Debt collectors instructed by Shropshire Council contacted a man nearly three years after his mother had died to demand £5,000 in unpaid care fees from her estate.

The council has apologised and reduced the amount owed after acknowledging it failed to update records of the man’s address and did not follow its own debt collection policy timescales.

A report from the Local Government and Social Care Ombudsman says the council caused the complainant “distress and uncertainty”.

The report says the man’s mother had been paying the council a contribution towards her domiciliary care between 2014 and May 2018, when she moved into a care home.

She then paid a contribution of her care home fees until August 2018, when she became entirely self-funded and paid the home directly.

The council found the direct debit had been cancelled in the June, and sent three invoices to the complainant, named in the report as Mr X, for his mother’s outstanding fees. However the letters were sent to a previous address.

The ombudsman report says in December 2018, Mr X requested a Deferred Payment Agreement (DPA) from the council, which included details of his current address. The agreement meant the council would pay his mother’s care fees as a loan against the value of her property.

Mr X’s mother died just a few days after the DPA request was made, owing £4,112.78, plus £711.96 from the DPA period.

Shortly afterwards, Mr X informed the authority of a change of his address.

But the report says the council did not make any further attempts to recover the outstanding payments until February 2021, when it sent a letter to Mr X’s old address.

In August 2021, the council instructed a debt enforcement agency and another letter was sent to the wrong address.

In September 2021, debt collectors contacted Mr X by phone to demand the outstanding £4,950.52.

Mr X complained to the council, saying it was “distressing” to receive a call out of the blue from debt collectors when no previous attempts had been made to contact him.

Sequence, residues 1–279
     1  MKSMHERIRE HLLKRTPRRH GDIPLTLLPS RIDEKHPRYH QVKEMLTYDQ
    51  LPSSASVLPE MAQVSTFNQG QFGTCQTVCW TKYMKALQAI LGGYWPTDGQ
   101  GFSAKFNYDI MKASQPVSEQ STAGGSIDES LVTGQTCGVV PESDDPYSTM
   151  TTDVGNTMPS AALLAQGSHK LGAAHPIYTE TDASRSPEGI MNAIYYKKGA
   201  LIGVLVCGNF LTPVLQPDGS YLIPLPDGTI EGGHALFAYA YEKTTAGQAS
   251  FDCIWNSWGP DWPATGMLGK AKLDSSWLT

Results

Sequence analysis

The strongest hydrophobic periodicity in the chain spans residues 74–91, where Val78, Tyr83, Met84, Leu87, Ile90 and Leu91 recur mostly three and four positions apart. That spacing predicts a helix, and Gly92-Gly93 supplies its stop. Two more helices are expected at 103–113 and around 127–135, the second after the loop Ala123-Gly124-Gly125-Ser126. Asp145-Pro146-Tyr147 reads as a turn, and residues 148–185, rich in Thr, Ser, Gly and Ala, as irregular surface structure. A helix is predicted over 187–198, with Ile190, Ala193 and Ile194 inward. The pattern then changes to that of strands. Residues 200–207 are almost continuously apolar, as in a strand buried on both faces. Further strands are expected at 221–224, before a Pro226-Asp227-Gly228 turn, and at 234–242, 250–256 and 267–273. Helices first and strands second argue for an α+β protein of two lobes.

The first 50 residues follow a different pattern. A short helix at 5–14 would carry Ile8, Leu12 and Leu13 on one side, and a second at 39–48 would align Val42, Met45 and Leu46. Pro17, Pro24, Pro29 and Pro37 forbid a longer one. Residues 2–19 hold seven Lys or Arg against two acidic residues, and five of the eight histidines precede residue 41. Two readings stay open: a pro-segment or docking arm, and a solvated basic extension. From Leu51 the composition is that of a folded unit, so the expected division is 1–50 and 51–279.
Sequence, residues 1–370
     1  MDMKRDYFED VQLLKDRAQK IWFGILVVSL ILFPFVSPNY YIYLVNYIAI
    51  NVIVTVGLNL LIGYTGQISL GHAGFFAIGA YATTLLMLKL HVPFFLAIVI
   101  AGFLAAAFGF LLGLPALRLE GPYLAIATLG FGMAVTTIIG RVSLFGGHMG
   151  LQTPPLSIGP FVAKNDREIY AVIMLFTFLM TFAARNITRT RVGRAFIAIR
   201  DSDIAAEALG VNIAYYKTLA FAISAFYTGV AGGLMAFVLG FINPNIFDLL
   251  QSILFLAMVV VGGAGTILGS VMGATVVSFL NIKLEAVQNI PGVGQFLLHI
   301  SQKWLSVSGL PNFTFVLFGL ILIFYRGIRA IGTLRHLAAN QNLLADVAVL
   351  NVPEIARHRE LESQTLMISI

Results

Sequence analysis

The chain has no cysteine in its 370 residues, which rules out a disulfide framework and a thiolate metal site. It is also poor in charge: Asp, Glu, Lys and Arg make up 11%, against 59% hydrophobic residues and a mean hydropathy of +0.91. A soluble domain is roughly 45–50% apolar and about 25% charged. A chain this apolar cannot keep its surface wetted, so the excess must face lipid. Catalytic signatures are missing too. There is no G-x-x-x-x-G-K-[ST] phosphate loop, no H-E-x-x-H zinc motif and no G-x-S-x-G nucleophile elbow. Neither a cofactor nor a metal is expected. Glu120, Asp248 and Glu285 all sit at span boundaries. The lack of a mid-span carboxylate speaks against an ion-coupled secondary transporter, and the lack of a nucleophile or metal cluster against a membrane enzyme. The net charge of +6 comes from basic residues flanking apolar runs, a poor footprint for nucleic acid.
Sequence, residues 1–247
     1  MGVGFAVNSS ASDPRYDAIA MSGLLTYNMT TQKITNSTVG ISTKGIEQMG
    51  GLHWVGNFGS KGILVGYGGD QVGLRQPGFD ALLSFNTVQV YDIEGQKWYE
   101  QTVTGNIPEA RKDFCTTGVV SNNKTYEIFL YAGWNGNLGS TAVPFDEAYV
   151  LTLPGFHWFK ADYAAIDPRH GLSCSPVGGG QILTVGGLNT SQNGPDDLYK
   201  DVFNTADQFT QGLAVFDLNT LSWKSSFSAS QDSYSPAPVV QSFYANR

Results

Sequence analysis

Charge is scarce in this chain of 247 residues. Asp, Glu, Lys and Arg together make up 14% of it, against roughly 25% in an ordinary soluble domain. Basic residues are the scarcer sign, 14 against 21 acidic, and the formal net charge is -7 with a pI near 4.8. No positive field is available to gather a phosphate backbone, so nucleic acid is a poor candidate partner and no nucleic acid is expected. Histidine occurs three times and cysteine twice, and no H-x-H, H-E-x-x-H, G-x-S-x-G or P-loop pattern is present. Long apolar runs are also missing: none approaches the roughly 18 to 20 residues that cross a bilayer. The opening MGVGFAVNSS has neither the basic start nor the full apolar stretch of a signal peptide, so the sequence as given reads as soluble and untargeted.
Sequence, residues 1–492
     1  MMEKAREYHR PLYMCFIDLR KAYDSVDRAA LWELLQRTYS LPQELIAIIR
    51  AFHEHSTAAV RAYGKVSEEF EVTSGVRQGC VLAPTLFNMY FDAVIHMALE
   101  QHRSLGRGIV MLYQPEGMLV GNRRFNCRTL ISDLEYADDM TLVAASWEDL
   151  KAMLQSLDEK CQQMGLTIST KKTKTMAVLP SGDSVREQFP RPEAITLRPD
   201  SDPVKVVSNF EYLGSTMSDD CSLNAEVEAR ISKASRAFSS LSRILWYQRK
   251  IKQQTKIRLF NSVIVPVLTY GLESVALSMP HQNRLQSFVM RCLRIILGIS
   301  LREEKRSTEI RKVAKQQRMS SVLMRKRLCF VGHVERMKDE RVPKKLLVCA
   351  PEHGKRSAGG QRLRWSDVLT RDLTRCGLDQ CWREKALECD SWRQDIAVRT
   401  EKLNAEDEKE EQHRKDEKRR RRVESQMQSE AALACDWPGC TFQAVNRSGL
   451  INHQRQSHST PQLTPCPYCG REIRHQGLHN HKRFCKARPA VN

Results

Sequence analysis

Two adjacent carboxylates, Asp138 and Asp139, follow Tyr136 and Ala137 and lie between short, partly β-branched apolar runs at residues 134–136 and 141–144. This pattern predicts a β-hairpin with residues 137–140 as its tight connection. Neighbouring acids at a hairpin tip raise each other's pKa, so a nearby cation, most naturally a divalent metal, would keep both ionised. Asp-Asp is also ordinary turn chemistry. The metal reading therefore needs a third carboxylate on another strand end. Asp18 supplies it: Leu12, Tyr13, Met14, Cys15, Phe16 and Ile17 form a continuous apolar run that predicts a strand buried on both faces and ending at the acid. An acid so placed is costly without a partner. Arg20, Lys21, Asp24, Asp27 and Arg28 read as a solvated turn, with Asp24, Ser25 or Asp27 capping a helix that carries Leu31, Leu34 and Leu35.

The report says the council apologised and removed £711.96 from the debt in acknowledgement that the invoice for this had been sent to his old address after it was aware of his new address. It said £4,112.78 was still owed.

The council also apologised for the delay, which it blamed on resource constraints and the suspension of debt recovery during the Covid-19 pandemic.

The ombudsman said the council was at fault for not updating its records after it was informed of Mr X’s change of address.

It also dismissed the council’s claims that the pandemic was behind the delay, pointing out that the onset of the pandemic was 15 months after the woman’s death.

The report continues: “Whilst debt recovery at the council was suspended for part of the Covid-19 pandemic, it was a further 11 months before the council wrote to Mr X again and a further six months before the matter was sent to enforcement agents. This is delay and is fault.”

The ombudsman was satisfied with the council’s actions in apologising and reducing the debt and did not require any further steps to be taken.

The report adds: “The council have also provided us with evidence of service improvements it has made by changes to its debt collection process for adult social care. This is appropriate action to ensure the fault does not reoccur.”

Councillor Gwilym Butler, cabinet member for finance and corporate resources, said: “We recognise it has been a difficult process for all involved and have apologised to the individual for any failings made on our behalf.

“We welcome the findings from the ombudsman and we will be reviewing our processes in light of this report.”